Residents who are keen to help boost wildlife in Bridgend County Borough are being invited to apply for a hedgehog pack.
Urban areas have become a stronghold for our prickly pals, with gardens providing a plentiful supply of food, both natural and supplementary, as well as many potential nest sites for breeding, resting and hibernation but numbers have dramatically declined in recent years.
Research suggests this is partly because it is becoming harder for hedgehogs to move freely due to an increase in the number of solid walls and fences being put up around gardens.
Thanks to Local Nature Partnership Cymru funding, Bridgend County Borough Council’s biodiversity team has 50 hedgehog packs to give out to residents to help them assist hedgehogs in their gardens.
Jess Hartley, Biodiversity Policy and Management Officer for the council, said: “These packs contain everything you need to provide a suitable home for hedgehogs, including an easy-to-assemble hedgehog house, an eco-hedgehog hole fence plate to allow the animals to access your garden, as well as a guide to helping hedgehogs and a recording sheet to note down any sightings.
“Packs will be allocated on a first come first served basis. You must live in Bridgend County Borough and your garden must meet certain criteria to enable action for hedgehogs.”
To apply for one of the packs, visit the council’s website to download an application form.
Hedgehogs are protected in the UK under the Wildlife and Countryside Act 1981 and usually live in woodland and meadows, hedgerows and gardens.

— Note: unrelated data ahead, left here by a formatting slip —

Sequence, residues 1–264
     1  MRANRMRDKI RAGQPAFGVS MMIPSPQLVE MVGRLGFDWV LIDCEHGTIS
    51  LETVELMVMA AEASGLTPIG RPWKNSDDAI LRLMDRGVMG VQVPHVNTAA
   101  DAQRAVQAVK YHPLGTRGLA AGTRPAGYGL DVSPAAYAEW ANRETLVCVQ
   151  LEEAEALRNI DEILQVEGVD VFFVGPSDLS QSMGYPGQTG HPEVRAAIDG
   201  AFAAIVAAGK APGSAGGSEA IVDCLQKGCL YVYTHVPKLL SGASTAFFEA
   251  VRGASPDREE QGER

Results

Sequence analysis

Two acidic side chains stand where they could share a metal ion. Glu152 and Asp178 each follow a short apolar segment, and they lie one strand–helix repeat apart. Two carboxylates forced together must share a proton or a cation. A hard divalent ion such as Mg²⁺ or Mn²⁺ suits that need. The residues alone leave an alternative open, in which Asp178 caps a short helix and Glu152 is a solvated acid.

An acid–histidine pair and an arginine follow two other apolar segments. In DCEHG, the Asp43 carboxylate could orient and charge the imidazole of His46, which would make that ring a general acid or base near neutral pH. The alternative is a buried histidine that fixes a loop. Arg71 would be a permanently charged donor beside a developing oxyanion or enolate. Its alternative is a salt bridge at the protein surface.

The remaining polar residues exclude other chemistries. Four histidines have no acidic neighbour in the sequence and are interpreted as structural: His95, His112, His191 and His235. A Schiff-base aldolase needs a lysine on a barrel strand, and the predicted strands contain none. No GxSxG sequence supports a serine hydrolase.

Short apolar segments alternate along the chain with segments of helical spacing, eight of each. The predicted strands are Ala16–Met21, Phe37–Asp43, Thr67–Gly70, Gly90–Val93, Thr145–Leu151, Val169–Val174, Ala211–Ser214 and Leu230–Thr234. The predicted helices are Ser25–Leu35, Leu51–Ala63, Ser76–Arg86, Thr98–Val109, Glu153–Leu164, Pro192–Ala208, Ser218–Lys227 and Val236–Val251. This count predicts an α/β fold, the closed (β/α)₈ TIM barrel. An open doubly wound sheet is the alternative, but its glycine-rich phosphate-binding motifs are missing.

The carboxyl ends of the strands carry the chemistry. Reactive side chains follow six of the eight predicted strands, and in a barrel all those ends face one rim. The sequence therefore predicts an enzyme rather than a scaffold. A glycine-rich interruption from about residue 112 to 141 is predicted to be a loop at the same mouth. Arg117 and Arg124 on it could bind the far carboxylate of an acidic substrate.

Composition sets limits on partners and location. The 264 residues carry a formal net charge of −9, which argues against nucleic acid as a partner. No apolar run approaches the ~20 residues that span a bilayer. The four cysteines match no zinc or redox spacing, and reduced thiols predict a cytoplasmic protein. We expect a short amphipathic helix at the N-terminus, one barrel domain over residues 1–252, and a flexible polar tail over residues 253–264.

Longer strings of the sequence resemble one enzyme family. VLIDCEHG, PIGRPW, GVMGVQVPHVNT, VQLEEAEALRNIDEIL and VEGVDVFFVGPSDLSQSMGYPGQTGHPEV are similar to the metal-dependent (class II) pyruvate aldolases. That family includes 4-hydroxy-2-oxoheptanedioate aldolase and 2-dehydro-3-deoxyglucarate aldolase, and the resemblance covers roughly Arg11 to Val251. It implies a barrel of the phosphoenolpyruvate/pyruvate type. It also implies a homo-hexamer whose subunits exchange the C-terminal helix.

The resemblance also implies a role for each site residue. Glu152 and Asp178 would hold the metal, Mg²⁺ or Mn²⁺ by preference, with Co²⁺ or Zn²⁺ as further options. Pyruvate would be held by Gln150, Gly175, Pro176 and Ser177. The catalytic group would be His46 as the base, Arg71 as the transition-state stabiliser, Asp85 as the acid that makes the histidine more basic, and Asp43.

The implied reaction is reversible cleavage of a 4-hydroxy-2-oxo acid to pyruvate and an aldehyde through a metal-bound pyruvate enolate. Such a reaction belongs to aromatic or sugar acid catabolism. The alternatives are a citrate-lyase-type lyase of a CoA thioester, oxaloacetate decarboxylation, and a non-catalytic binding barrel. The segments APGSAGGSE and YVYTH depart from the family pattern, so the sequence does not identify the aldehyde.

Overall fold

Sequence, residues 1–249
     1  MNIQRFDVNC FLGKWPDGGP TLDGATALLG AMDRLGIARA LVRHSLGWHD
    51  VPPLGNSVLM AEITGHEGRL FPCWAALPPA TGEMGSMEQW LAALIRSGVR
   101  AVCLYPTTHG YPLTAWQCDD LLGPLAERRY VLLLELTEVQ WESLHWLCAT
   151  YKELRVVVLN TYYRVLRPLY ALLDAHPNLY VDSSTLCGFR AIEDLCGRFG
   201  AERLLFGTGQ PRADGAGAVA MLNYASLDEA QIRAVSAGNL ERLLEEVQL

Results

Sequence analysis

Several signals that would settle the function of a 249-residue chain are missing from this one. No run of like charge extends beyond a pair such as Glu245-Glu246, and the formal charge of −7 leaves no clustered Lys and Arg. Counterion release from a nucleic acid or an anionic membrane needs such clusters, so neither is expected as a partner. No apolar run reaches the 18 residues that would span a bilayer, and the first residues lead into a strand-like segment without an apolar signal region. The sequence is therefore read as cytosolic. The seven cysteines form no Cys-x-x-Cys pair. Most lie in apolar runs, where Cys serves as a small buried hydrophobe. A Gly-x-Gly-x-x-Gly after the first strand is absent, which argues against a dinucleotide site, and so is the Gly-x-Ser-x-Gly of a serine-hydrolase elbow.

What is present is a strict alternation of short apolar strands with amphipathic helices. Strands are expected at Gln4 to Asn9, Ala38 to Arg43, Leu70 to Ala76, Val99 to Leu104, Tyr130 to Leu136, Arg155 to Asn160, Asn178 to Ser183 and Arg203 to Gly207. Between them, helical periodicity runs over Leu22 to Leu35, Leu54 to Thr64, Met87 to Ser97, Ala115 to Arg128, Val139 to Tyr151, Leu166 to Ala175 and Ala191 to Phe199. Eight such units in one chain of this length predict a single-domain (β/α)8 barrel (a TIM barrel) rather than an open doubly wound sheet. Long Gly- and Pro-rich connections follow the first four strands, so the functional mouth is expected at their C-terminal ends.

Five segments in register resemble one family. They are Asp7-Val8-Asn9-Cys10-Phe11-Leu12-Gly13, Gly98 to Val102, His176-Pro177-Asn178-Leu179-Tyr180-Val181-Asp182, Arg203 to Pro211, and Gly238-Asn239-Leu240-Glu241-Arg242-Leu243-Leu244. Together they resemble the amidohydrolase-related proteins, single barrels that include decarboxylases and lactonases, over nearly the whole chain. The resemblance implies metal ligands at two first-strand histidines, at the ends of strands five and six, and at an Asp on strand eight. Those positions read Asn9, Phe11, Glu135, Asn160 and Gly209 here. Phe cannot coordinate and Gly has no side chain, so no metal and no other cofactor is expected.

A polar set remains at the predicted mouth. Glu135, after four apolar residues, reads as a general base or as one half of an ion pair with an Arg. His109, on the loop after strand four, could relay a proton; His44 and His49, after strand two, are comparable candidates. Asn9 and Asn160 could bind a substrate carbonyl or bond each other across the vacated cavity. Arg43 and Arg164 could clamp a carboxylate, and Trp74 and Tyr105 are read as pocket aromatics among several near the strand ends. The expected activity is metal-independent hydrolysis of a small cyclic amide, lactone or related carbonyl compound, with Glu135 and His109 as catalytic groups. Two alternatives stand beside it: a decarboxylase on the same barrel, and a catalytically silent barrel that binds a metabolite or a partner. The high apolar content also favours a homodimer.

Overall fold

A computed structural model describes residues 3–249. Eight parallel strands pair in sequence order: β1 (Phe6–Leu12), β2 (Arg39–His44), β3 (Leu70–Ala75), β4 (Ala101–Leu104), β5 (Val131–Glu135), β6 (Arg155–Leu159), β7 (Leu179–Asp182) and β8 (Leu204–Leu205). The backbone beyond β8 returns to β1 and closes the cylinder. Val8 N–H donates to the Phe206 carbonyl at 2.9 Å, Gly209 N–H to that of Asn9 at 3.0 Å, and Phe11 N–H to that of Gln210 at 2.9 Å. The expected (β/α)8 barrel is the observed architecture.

Their diet includes insects, slugs, frogs, fish, worms, small snakes, eggs and fruit, and they hibernate between November and March.
The mammals are known for their ability to roll themselves into a ball of spines when threatened. These spines are actually modified hairs and the average hedgehog has about 7,000 of them, which can be raised using powerful muscles along their back.
Other ways to help hedgehogs in your garden:
- Leave an area of your garden to grow ‘wild’ and don’t cut it back during winter as hedgehogs may nest there. A wild area will also provide habitat for lots of insects perfect for a hedgehog feast.
- Hedgehogs are adept swimmers but need to be able to safely get in and out of your pond. Use stones, logs, or chicken wire as a ramp to allow hedgehogs to climb in and out.
- Pesticides, insecticides and slug pellets are toxic to hedgehogs and also reduce their food in your garden.
- Before you cut your grass with a strimmer or mower be sure to check there are no hedgehogs to avoid injury or death. Hedgehogs will not run away from the sound of a mower.
- A log pile is one of the best features for a plethora of wildlife, hedgehogs included. These provide a safe, secure site for breeding or hibernating, as well as encouraging all sorts of creepy crawlies for your spiky friend to feast on! Collect any old dead wood from your garden or ask the local park or wildlife reserve for permission to take some and pile it up in a quiet corner of your garden.
- Hedgehogs love piles of old leaves. Not only can they be used as a potential nesting site but they can also be used as bedding material. Be careful when tidying a leaf pile as there may be a ‘hog in residence!
For further information or more ways to get involved with wildlife in your area, email email@example.com. You can also find information about opportunities in your area at the council’s green project volunteering webpage.